The dynamic between competition and timing is exemplified by the early primary contests. In 2008, 54% of eligible New Hampshire voters participated in their primary, a turnout rate higher than three states in their November election. Oregon was the next highest state with a primary turnout rate of 43%. Even Iowa's caucus - a low turnout event due to voters' significant time commitment to participate - had a turnout of 16%, which was rivaled turnout rates in Louisiana's and New York's primaries, both below 20%.
The New York Times reported on February 9 (Patrick Healy and Jonathan Martin, Donald Trump and Bernie Sanders Win in New Hampshire Primary):
Donald J. Trump and Senator Bernie Sanders of Vermont harnessed working-class fury on Tuesday to surge to commanding victories in a New Hampshire primary that drew a huge turnout across the state. ...Healy and Martin do not provide the turnout percentage.
At his victory party, Mr. Sanders, flashing a wide, toothy grin, pointed to the large voter turnout as evidence that only he could energize the Democratic electorate to defeat the Republicans in November.
“Together we have sent a message that will echo from Wall Street to Washington, from Maine to California,” Mr. Sanders said. “And that is that the government of our great country belongs to all of the people, and not just a handful of wealthy campaign contributors and their ‘super PACs.’ ”[my emphasis]
This report from NPR (Domenico Montanaro, New Hampshire Turnout Breaks Records, But Not On Democratic Side 02/11/2016) adds some details:
1. Record for total turnout: Combining all voters — Democrats and Republicans — it was a record for a New Hampshire primary. In all, 538,094 people cast ballots. That beats the 2008 record of 527,349.I haven't gone so far as to dig through the relevant data from the New Hampshire Secretary of State to do my own turnout calculations. But other reports have the turnout as high, as well.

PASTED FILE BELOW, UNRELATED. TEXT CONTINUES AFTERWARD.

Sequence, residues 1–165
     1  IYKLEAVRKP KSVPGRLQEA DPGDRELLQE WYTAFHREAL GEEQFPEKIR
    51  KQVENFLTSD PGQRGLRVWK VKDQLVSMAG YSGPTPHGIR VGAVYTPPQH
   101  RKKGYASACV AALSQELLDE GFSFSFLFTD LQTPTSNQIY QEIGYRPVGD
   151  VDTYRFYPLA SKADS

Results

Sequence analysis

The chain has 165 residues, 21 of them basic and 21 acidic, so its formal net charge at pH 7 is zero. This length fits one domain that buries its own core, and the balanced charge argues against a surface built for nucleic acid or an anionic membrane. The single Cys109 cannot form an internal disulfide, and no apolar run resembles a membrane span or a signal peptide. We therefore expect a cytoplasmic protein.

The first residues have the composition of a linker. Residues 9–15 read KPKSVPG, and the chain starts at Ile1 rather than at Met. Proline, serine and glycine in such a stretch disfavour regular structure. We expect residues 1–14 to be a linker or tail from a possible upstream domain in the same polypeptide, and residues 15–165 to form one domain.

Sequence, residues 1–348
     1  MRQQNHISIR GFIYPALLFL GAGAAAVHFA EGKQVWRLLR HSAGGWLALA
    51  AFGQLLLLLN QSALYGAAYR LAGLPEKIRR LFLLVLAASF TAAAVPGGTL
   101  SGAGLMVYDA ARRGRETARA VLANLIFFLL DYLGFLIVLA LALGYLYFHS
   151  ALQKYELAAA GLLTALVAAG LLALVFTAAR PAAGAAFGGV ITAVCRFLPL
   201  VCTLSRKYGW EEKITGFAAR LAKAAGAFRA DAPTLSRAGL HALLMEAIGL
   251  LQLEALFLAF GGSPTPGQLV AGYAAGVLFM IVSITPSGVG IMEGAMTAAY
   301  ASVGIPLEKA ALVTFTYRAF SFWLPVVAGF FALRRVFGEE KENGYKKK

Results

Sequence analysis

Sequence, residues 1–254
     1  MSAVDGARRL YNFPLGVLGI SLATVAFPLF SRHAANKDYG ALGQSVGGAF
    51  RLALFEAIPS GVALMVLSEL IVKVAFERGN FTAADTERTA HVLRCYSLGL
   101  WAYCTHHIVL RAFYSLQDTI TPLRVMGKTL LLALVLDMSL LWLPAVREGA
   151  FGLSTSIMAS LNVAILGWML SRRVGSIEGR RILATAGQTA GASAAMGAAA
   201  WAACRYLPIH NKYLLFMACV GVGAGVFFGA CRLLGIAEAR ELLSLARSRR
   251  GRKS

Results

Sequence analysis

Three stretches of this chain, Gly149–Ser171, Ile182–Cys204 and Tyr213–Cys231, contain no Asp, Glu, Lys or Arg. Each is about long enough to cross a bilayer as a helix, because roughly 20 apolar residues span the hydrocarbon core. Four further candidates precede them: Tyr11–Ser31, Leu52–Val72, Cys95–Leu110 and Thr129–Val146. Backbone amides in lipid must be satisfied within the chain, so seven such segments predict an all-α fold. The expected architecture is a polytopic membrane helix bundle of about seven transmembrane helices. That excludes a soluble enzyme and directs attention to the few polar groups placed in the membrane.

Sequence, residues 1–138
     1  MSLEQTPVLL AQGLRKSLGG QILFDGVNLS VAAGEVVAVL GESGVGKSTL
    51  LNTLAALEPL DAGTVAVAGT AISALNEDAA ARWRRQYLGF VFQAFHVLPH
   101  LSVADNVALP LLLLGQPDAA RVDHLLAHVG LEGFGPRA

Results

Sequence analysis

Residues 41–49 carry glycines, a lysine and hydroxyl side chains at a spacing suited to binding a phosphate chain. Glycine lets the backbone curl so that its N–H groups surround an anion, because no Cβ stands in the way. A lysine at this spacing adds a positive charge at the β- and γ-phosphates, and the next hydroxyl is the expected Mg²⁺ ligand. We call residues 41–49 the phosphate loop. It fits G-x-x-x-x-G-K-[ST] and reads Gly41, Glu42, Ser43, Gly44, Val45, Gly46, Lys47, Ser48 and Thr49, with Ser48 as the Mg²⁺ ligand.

2. The Republican record was shattered: The final tally for GOP ballots cast was 284,120 votes. That beats out the 2012 Republican primary tally of 248,475.
3. Not the highest ever: That was, however, about 3,000 or so votes shy of the overall highest turnout on either side — the 2008 Democratic primary (287,556).
4. Democratic turnout was big, but not a record: Sen. Bernie Sanders, I-Vt., said the Democratic turnout was "huuuuuge" (or is it yoooooooge?). Well, it was big. But not a record. The Democrats' official tally came to 250,974. That's more than 30,000 short of 2008. It is, though, the second-highest turnout for Democrats. (For reference, the third-highest was in 2004 when 219,787 Democrats cast ballots.)
The Manchester Union Leader reported "record-breaking turnout." (Dave Solomon, Sanders' margin one for the ages 02/11/2016) Marisa Schultz reports in New Hampshire primary sees record turnout New York Post 02/10/2016:
The New Hampshire primary saw a record turnout Tuesday, leaving voters dealing with long lines, traffic jams and extended voting hours.Also, voters registered "undecided" had the option in New Hampshire to vote in either primary, so it's unclear from what I've seen what effect that may have had on the partisan turnout.
Secretary of State Bill Gardner predicted a record 550,000 ballots, representing 62 percent of the Granite State’s registered voters.
In any case, it's an interesting data point for us political junkies. But it's way too early to read inferences about fall turnout into it.